Month: April 2017

 

UM SOM expert diagnoses severe illness that destroyed hearing of Spanish artist

Francisco Goya is the most important Spanish artist of the late 18th and early 19th century. He was famed for his sensitive portraits, and many historians argue that he was the first truly modern painter.

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Experts highlight need for further research on differences between milk proteins

New knowledge on milk composition and quality is of essential importance to consumers as well as the industry. There are therefore considerable research efforts in milk worldwide.

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Study sheds new light on evolutionary origin of the vertebrate brain

A study recently published in PLOS Biology provides information that substantially changes the prevailing idea about the brain formation process in vertebrates and sheds some light on how it might have evolved.

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Study evaluates treatment patterns and outcomes of elderly patients with early-stage esophageal cancer

Elderly patients with early-stage esophageal cancer that received treatment had an increased 5-year overall survival when compared to patients who received observation with no treatment.

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New study makes wireless medical electronics for treating the GI tract one step closer to reality

Imagers, gastric pacemakers and other diagnostic and therapeutic tools could someday transform the way diseases of the gastrointestinal tract are measured and treated. But in order for these electronic devices to work, they need a power source.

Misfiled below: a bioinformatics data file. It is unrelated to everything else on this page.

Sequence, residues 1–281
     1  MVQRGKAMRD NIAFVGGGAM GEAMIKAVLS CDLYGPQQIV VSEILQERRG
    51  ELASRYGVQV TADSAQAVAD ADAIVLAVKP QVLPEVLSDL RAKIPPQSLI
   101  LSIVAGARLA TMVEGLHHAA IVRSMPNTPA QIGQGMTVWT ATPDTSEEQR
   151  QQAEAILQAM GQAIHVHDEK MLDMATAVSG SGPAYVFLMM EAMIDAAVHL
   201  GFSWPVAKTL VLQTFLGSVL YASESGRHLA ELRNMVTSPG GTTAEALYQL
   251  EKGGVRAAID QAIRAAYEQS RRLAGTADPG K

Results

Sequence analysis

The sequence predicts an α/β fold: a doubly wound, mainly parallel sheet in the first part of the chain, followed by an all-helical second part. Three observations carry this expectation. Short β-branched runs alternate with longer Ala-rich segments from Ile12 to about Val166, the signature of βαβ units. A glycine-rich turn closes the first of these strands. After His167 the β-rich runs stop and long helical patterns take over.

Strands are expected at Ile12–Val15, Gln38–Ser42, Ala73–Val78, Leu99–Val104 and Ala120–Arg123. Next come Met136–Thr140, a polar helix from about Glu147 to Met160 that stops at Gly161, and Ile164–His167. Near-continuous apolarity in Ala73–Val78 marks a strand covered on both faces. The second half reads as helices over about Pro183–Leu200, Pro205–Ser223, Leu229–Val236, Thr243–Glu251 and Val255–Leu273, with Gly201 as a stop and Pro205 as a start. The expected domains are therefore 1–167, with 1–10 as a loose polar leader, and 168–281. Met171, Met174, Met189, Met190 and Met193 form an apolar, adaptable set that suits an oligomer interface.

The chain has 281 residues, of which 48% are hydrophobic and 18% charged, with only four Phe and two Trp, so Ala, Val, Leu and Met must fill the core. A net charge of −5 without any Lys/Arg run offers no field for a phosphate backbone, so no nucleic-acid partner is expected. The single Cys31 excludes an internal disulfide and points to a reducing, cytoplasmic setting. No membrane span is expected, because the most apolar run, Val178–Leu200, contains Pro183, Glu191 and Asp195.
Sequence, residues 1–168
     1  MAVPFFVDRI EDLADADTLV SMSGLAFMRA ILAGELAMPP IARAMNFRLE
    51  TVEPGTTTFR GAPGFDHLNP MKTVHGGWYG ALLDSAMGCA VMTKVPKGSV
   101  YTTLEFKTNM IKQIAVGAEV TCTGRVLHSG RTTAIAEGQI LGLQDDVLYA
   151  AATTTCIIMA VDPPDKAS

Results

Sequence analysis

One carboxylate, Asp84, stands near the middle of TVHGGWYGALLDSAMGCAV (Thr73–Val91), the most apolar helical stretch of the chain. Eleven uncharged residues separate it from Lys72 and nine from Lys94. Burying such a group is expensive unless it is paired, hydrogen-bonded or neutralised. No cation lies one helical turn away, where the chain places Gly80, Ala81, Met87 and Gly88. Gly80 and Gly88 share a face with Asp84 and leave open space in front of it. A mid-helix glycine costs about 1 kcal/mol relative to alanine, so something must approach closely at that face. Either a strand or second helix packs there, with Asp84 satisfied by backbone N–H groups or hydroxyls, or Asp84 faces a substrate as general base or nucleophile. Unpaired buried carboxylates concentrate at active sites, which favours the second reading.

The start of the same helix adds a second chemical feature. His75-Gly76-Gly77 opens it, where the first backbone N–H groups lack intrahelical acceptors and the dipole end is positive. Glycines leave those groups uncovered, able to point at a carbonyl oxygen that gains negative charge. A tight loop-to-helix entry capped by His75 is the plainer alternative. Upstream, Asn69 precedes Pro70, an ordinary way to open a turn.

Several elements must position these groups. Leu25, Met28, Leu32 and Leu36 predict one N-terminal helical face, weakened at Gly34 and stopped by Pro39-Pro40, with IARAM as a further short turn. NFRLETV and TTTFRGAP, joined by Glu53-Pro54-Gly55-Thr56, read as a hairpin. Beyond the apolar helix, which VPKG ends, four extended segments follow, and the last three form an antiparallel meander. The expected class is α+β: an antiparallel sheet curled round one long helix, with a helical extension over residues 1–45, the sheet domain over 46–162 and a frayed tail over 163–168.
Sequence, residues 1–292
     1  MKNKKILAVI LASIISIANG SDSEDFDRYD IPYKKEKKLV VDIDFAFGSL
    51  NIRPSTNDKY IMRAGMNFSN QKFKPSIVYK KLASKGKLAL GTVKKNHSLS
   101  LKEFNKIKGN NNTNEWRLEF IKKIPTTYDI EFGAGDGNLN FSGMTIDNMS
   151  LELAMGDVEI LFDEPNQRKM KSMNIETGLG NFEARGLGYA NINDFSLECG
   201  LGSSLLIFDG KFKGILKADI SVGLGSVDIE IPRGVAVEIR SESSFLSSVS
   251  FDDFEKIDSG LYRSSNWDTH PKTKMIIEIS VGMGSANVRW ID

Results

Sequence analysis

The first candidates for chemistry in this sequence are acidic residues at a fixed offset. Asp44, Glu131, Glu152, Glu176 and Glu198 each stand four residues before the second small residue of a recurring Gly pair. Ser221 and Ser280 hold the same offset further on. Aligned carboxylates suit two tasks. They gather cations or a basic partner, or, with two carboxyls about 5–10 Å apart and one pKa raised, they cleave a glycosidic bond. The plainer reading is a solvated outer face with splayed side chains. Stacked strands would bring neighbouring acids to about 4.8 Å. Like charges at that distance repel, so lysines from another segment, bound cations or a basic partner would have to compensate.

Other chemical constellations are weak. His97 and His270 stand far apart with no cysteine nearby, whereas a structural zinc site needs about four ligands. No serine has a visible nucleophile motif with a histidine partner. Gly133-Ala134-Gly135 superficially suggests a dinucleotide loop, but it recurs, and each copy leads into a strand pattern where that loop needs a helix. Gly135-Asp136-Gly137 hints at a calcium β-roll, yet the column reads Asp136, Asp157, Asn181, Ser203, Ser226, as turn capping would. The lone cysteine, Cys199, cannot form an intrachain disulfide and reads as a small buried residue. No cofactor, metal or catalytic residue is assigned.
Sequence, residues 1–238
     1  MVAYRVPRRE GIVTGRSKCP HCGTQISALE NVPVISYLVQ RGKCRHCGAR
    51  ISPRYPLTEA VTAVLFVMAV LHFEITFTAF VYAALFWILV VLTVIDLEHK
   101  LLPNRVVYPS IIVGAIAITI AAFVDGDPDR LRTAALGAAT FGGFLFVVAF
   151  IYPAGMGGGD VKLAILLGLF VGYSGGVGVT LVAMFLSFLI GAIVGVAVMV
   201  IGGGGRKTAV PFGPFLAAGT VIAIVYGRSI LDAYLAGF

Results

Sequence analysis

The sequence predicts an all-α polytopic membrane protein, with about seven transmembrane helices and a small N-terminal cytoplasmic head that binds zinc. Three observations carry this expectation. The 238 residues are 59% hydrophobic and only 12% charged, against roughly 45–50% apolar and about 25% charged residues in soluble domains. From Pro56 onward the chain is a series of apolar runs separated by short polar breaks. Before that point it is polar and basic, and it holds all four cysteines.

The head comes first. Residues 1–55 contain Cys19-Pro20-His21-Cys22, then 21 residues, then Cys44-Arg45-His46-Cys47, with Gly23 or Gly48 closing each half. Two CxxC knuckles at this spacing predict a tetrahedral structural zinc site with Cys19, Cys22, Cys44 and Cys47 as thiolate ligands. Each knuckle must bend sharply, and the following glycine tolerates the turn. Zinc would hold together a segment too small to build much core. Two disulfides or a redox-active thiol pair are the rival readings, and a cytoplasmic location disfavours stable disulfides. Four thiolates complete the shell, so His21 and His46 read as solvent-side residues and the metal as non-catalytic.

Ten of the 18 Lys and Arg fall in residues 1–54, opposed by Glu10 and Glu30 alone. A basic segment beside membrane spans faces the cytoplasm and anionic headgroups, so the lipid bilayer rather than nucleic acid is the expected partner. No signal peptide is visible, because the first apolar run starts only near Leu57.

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UC Riverside psychology professor reveals surprising upsides of worry

Worry – it does a body good. And, the mind as well. A new paper by Kate Sweeny, psychology professor at the University of California, Riverside, argues there’s an upside to worrying.

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New study receives $12.7 million PCORI funding to improve post-acute care for TBI patients

Researchers at Baylor Institute for Rehabilitation and Baylor Scott & White Research Institute will participate in a nationwide study to improve post-acute care for patients who have suffered a traumatic brain injury.

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FDA approves first drug for treating rare form of Batten disease

The U.S. Food and Drug Administration today approved Brineura (cerliponase alfa) as a treatment for a specific form of Batten disease. Brineura is the first FDA-approved treatment to slow loss of walking ability in symptomatic pediatric patients 3 years of age and older with late infantile neuronal ceroid lipofuscinosis type 2 (CLN2), also known as tripeptidyl peptidase-1 (TPP1) deficiency.

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Scientists use rooster testes to shed light on how germ cells fight viruses

Our bodies are constantly under siege by foreign invaders; viruses, bacteria and parasites that want to infiltrate our cells.

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Experts aim to develop noninvasive technology that accelerates learning

The adage “put your thinking caps on” might evoke visions of an elementary classroom, where a teacher has just admonished cherubic little learners about to embark on a particularly difficult academic adventure.

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